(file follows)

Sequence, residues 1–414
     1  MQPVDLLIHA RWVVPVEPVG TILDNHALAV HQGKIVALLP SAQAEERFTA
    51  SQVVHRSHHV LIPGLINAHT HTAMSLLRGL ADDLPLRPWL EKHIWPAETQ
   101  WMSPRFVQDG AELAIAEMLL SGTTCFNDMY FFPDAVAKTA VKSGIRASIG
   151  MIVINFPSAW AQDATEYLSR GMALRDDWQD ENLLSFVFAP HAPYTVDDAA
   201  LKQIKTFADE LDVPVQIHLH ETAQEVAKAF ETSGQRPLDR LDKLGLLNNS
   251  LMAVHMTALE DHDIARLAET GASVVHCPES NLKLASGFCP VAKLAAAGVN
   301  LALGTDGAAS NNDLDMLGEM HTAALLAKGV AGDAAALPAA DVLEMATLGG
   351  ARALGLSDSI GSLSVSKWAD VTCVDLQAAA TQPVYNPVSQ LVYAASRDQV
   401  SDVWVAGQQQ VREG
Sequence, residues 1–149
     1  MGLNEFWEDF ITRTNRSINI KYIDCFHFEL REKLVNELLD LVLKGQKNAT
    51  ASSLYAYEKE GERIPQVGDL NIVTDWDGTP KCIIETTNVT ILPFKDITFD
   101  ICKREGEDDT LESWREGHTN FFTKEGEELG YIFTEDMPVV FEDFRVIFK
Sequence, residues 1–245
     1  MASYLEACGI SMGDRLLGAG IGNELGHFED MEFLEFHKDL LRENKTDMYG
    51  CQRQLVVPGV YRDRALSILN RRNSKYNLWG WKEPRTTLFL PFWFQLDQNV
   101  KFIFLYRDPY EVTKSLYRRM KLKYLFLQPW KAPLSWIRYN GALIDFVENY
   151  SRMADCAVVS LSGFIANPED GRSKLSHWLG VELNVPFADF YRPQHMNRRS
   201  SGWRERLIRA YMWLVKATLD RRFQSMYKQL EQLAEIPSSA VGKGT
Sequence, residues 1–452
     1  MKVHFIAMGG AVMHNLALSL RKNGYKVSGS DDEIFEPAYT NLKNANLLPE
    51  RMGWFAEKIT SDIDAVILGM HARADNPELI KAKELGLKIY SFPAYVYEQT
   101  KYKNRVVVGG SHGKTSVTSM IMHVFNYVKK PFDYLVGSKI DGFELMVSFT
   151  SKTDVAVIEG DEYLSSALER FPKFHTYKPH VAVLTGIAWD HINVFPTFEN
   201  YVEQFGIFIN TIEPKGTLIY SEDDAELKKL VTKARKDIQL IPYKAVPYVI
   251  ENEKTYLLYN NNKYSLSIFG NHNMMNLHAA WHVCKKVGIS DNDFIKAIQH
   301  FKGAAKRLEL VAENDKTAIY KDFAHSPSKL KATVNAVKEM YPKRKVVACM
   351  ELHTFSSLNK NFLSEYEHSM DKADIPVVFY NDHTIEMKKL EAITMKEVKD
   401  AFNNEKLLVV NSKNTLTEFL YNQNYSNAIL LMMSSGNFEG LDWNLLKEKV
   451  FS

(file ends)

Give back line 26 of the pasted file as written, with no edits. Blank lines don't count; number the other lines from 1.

   201  YVEQFGIFIN TIEPKGTLIY SEDDAELKKL VTKARKDIQL IPYKAVPYVI